Driving Miss Grace

photo (9)To continue my discussion of Wows and Wonderfuls for 2015…

Scotland has more scenery than you can imagine. As one person put it, a postcard out every window. Imagine a place the size of South Carolina that includes palm trees, reindeer, hundreds of islands, the largest neolithic henge in Europe, the best preserved neolithic village in Europe, northern lights, the Willow Tea Rooms, hairy coos, TABLET, nearly 200 whisky distilleries, castle and kilts (of course!)… and top notch public transportation.

The Scottish Crannog Center

The Scottish Crannog Center

Here’s the catch, though. Scotland also has the Highlands, which remain some of the least populous terrain in any developed country. The English got around to building a few roads through the Highlands in the 18th century to facilitate troop movements, and that was pretty much the last major infrastructure initiative in the northwestern half of Scotland.

The top notch public transportation is the sunny side of a situation that can require driving forty miles around a loch that’s

Castle Jamie... I mean DOUNE.

Castle Jamie… I mean DOUNE.

one mile across; and that road, she is QUITE scenic and might be one lane in places.

This is why I count among my major accomplishments in 2015, DRIVING IN SCOTLAND–all by myself. I started off as a co-pilot to a travelin’ buddy who knew what she doing behind a Scottish wheel. When we reached the MacBoondocks, she let me have a turn. Eventually, I solo’d, rented my own vehicle, and even tooled around in Perth, a city of 50,000.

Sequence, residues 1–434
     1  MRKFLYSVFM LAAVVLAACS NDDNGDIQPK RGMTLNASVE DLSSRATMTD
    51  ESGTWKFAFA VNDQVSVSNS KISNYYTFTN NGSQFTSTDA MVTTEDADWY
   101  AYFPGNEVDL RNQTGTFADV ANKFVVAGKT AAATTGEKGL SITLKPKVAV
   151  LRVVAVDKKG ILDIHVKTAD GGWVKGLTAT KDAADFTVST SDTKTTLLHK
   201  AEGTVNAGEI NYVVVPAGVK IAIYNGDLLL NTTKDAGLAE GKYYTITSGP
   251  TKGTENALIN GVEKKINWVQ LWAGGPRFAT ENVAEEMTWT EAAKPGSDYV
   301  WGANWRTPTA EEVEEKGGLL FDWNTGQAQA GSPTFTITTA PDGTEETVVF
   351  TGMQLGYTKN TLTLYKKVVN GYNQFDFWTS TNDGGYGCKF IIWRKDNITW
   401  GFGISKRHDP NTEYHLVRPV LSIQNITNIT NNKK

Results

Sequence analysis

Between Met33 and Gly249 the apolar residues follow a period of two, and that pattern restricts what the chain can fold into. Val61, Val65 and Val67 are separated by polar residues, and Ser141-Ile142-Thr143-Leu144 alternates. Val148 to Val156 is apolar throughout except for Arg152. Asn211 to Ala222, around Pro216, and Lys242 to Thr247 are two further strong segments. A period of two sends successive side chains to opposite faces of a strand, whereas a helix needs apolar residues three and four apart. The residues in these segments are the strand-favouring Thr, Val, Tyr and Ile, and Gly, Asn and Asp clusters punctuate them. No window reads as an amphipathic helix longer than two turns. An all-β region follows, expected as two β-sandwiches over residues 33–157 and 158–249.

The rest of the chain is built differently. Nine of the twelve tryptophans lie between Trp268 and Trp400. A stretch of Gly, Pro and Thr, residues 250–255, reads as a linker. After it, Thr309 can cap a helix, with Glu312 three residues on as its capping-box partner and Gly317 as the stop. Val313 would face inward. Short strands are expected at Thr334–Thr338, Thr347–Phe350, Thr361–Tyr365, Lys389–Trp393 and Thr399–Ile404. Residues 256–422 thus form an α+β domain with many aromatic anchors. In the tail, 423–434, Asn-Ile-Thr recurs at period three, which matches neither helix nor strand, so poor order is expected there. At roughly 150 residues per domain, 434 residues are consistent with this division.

Orkney - Ring of Brodgar

Orkney – Ring of Brodgar

“So you drove in Scotland. What’s the big deal?”

The big deal is that for an American, you are sitting on the passenger side of the vehicle, and you are piloting that car down the wrong side of the highway. When you pull out of the parking lot at major attractions, you will see signs in six languages admonishing all and sundry to “KEEP LEFT.”

train_1618801cDrivers in Scotland apparently come in more than six languages. Wheee! Add to this the fact that in much of the country, the road signs are in two languages, and your American brain takes a while to figure out which one is English.

And guardrails? Guardrails are for countries in need of tort law reform and single payer health care systems. In Scotland, you will see the occasional guard rail, but you’re morel likely to see sheep on the highway.Then there are the roundabouts… sheep on skye

Yes, I count driving in Scotland as an accomplishment, in part because I want to live there someday, and to see all there is to see, driving is a necessary skill. In a small way, it’s like learning the language so I can talk to the locals.